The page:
Put Your Hand Out

At this past Forum we discussed our greeting practices. These make it comfortable for the newcomer to enter and feel at home in our groups. I asked two different ABF Leaders to go out into other ABFs and find the best practices out there. Both Denny Abbuhl and Mitch McKenney enjoyed learning what it was like to be a newbie. Here’s some thoughts from Mitch …
To start with, I feared I might be recognized by other class leaders if I went myself (I could picture being greeted with, “You here for the projector again?”), so I sent spies. Some findings:
1. The first couple went to an ABF, where class facilitator Kirk found them pretty quickly. They described the experience as being somewhere in the middle – not pounced upon like prey (with that car salesman vibe of hi Jim, can I call you Jim, what line of work you in, Jim…), but not ignored either.
2. Another class member tried out Mike Voigt’s class. This one is a smaller group in a circle, so it’s hard to be inconspicuous, and they were immediately discovering people they knew in common. Bob Robinson, who teaches the class next to mine, told me once that’s a blessing of being smaller – but the small group also can be more intimidating for a shy visitor.
3. My third team went to Dane’s class, The Summit. Dane recognized and greeted them, but then made himself scarce once he knew why they were there. Another three or four people approached and were friendly to the newcomers.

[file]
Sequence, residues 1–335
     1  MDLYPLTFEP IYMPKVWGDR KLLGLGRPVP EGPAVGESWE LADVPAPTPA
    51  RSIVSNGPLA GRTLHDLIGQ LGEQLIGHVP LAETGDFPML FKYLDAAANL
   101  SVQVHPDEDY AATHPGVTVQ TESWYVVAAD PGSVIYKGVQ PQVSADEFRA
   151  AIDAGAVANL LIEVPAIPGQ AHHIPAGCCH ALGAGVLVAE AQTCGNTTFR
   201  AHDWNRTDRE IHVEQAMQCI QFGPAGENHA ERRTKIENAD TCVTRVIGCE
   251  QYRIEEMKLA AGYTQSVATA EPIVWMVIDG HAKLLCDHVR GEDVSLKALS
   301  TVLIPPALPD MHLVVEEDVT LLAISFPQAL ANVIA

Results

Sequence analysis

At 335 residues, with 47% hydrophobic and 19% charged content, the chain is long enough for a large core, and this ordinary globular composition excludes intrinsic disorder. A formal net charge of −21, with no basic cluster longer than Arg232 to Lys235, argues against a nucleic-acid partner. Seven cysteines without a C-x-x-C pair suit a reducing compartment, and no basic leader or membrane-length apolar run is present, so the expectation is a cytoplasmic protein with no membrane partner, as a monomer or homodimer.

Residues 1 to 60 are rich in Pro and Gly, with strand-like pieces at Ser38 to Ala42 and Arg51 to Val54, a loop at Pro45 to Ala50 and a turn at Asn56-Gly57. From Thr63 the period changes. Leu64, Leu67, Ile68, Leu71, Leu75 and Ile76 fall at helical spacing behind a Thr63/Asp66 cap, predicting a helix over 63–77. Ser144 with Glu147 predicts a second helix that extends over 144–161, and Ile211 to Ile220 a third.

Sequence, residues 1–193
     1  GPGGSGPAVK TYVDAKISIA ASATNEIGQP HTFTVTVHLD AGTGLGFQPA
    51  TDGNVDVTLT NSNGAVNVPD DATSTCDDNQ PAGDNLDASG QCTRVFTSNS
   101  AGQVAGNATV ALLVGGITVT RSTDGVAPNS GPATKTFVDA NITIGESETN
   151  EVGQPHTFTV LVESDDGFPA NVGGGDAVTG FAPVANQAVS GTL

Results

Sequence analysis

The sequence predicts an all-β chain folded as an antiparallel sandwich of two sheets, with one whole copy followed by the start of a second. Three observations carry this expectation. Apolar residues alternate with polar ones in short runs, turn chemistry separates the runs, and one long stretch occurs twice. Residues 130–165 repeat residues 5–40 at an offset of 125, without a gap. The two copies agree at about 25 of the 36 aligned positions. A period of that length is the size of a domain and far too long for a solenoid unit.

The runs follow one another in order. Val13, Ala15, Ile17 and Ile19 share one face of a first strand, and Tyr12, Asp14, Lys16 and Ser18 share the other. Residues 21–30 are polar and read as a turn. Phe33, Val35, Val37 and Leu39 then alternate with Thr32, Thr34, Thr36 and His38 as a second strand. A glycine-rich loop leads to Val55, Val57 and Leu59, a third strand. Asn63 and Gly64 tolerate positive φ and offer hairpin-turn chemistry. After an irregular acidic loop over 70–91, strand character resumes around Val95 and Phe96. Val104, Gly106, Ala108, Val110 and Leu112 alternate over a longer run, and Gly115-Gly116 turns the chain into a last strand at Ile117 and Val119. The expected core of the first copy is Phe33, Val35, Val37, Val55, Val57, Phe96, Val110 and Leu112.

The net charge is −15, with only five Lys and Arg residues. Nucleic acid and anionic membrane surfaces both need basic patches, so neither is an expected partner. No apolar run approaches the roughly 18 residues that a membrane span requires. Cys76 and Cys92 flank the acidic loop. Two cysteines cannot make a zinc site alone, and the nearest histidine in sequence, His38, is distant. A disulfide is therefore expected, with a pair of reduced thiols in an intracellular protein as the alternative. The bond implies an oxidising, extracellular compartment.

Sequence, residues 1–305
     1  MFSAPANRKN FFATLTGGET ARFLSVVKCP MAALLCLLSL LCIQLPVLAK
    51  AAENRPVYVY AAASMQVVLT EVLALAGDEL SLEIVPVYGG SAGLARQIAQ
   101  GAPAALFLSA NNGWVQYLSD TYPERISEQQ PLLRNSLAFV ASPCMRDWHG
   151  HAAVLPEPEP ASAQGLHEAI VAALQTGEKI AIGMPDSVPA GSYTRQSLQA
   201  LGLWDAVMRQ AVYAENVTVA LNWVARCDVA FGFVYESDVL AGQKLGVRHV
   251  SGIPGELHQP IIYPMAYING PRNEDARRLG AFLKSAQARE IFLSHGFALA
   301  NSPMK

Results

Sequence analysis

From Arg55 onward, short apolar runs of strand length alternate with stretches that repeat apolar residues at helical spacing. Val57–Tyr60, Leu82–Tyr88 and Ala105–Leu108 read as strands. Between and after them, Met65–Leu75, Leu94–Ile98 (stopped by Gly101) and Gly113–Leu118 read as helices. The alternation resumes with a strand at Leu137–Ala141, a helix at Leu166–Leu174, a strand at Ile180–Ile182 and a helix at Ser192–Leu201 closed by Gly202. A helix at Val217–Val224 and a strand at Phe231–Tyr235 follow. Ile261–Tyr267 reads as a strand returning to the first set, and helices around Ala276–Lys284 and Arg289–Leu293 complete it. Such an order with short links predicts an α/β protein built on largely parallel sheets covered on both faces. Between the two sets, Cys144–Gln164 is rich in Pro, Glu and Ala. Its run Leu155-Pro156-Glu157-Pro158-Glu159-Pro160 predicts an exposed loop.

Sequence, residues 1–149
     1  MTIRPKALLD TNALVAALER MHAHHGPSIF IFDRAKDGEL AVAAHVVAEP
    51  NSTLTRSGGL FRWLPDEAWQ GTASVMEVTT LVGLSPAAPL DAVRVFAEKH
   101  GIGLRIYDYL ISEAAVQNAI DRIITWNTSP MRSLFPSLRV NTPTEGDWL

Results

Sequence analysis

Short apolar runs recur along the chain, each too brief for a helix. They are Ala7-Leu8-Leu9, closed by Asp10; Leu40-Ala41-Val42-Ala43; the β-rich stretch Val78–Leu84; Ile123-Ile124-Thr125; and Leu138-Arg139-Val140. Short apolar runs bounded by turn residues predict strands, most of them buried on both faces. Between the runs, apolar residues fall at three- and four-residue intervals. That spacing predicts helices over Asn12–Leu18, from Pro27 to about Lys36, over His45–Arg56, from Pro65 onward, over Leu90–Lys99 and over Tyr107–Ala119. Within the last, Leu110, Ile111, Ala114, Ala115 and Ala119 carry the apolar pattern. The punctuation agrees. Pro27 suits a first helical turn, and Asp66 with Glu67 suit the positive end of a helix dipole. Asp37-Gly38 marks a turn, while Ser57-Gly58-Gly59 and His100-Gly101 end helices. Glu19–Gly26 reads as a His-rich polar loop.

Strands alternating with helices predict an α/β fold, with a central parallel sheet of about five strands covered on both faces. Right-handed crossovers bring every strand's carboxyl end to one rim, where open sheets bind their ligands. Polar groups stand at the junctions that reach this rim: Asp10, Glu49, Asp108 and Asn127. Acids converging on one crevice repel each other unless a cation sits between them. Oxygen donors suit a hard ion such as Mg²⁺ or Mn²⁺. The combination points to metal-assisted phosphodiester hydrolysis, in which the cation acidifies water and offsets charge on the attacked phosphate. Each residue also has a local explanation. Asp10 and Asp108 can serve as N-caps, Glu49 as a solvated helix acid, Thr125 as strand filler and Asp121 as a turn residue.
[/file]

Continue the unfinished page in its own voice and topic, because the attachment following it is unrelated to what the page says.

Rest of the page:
4. Finally, I watched how my own ABF, Common Grounds, did when a new couple arrived. I stayed busy up front getting notes together, seeing how long it would take someone to say hello. Oh, no! Fifteen or 20 seconds have gone by and nobody is approaching. I can’t let own class be the only one to fail this experiment, so I went up and said hello, only to find they were with us once before and liked it enough to come back. (Whew.)
5. As we discussed the results as a class that morning, one couple described a time when, at their former church, their adult Sunday school class made lunch plans and flat-out left them out. They said it wasn’t out of character, which is why that’s their “former” church. We’re glad to have them.
6. I noticed more of our people were “head’s up” about visitors the following week, so it was good that we talked about this in class.
7. One of my spies recalled being new to The Chapel’s ABFs, and how “minutes feel like hours” when you walk into that room the first time. We were all there once – it’s worth reminding our people what that knot in your stomach felt like, so people don’t abandon the idea of joining a community.
8. As I considered the results, I think it’s worth thinking about what happens after that first or second week, where we’ve made the small talk and done the follow-up to get them to come back. Maybe they’ll settle into their 3-out-of-4 (or 2-out-of-4) routine and put their name on the snack sign-up. This is where I believe we risk never going deeper. What are we doing to get in each other’s homes, to study groups or work projects, so we have more in common than that we like the Buckeyes and worship in the same hour?

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